We've entered that time when music journalists reflect on the past year's audio offerings. After much consideration of this important matter, I've concluded that my favorite album of 2005 is Jan Jelinek's Kosmischer Pitch (~scape; scape-music.de).
Jelinek is a German producer who records under many aliases. He hasn't received the glowing critical acclaim or robust sales figures of other musicians to whom he's either equal or superior. I hope to remedy this injustice.
Jelinek's career has been marked by excellence no matter which moniker he adopts: Farben, Gramm, or the Exposures. Many heads first encountered Jelinek through his Farben 12-inch EPs for Klang Elektronik, nine tracks of which are collected on the Textstar CD. This disc finds Jelinek smudging the boundaries where clicks & cuts blurs into microhouse; it's an interiorized brand of dance music marked by glitch- and static-strewn digital data and esoteric samples. Although clicks & cuts is typically more about disorientation and sonic exploration than hedonism, Textstar eroticizes the subgenre's usually sterile environments and is perhaps the most texturally delightful and paradoxically warm-sounding specimen of its kind. With the Exposures, Jelinek fabricates a shadow group of musicians, allowing him to explore hiphop, funk, and R&B at a studied remove (fitting for a European tackling American styles).
The common threads running through all of Jelinek's productions are an exceptionally acute ability to imbue seemingly "cold" sonic signifiers with poignant emotional heft and a luscious attention to detail that can only be the product of profound love—a love that transcends sappiness and enters the domain of veneration for (im)pure sound.
In a career of lofty peaks, Kosmischer Pitch represents the summit of Jelinek's spellbinding creativity. Updating '70s Kraut-rock's more expansive proclivities, Jelinek has bestowed a sprawling banquet of head music that suspends you in a glorious cloud cuckoo-land of oscillating analog synths and speaking-in-alien-tongues guitars. (The music is so extraordinary, it forced me to mix metaphors.)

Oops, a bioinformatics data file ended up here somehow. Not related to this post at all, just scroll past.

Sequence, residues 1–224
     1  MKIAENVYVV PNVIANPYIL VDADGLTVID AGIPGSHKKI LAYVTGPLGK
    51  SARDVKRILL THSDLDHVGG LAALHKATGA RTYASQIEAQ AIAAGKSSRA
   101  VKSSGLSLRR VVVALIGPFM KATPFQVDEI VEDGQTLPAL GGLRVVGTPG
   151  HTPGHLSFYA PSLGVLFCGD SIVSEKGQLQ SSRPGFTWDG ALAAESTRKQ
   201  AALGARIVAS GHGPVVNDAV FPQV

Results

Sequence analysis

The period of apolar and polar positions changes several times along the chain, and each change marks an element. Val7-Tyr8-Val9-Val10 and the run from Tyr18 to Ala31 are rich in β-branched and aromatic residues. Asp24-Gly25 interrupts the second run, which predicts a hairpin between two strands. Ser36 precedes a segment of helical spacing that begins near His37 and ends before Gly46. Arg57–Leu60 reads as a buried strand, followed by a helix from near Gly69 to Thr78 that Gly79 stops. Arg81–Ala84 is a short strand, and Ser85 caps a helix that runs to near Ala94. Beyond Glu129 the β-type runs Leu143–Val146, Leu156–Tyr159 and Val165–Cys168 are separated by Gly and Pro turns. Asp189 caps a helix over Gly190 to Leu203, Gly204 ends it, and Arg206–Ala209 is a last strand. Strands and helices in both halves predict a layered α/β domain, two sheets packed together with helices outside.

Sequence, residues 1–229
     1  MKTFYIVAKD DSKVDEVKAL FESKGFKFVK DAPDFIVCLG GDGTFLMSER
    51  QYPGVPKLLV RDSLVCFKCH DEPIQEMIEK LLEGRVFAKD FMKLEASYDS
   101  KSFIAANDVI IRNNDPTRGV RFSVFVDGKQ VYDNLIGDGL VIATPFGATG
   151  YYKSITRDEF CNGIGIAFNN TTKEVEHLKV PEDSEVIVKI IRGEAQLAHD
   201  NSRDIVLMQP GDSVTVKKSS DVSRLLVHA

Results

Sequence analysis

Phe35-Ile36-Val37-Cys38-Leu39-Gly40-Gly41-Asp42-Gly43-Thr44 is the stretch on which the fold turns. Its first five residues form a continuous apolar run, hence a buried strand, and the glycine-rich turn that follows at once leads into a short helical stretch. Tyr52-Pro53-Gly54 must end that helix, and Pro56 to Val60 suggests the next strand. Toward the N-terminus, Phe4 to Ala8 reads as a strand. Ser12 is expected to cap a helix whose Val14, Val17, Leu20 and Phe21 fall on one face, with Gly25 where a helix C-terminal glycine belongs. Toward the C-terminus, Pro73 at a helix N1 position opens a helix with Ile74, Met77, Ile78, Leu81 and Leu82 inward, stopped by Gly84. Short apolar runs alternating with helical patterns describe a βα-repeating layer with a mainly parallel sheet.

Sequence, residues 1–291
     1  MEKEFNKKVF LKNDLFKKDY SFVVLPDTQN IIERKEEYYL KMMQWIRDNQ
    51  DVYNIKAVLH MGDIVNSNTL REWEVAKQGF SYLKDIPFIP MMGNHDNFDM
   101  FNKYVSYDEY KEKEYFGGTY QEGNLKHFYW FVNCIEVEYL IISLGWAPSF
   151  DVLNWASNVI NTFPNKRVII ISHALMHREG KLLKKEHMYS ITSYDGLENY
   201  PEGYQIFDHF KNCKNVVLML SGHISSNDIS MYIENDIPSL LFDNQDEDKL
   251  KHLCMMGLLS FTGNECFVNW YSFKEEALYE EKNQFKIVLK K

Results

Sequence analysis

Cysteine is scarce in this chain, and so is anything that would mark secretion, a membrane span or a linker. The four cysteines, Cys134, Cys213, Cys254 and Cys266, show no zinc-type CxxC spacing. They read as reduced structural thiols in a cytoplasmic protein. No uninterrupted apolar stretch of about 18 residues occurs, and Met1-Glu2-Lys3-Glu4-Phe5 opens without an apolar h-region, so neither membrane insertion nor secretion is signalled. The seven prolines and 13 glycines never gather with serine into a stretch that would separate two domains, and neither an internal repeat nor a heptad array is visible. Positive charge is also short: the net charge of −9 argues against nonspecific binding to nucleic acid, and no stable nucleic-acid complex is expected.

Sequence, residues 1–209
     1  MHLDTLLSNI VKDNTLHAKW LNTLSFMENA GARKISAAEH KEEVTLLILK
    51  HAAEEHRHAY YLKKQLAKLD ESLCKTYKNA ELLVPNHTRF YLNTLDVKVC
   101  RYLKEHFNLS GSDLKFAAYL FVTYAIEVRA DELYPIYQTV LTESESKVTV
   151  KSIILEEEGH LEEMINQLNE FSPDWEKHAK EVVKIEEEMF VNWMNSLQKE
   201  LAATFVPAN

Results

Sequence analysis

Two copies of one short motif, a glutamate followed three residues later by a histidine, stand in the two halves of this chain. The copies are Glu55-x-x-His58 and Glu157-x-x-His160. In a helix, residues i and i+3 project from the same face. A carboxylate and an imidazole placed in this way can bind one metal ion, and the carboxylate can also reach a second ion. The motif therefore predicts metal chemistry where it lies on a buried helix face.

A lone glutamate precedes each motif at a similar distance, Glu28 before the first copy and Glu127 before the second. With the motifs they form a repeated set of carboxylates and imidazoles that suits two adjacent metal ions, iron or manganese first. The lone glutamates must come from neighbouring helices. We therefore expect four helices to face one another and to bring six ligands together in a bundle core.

It's hard to pinpoint highlights in an album this consistently wonderful, but "Im Diskodickicht" certainly qualifies. It's a slow-motion cosmic disco cut featuring chattering wah-wah guitar and cricket-chirp synths that accrues density and chaos as it goes; it's unbelievably hypnotic. "Planeten in Halbtrauer" evokes a mysterious ceremony celebrating Earth's demise, a glazed-eyeball symphony of slurred guitar snarls, mesmerizing bass plucks, and eerie keyboards that flicker like solar-flare mirages. "Morphing Leadgitarre Rückwärts" ends things with guitars similar to Faust's "Miss Fortune" abstracted into infinite, languid oscillations, creating a dazzling hall-of-mirrors effect.
Kosmischer Pitch makes you wish your entire body were covered with ears, the better to absorb its bountiful pleasures. It's both the ideal post-clubbing wind-down album and a deeply psychedelic opus rigorously engineered to launch your mind heavenward, ever so gently.
Jelinek summarized his compositional approach in a 2001 interview with the Wire: "The idea is that I want to create maximum depth with minimal forms." Mission accomplished... again and again.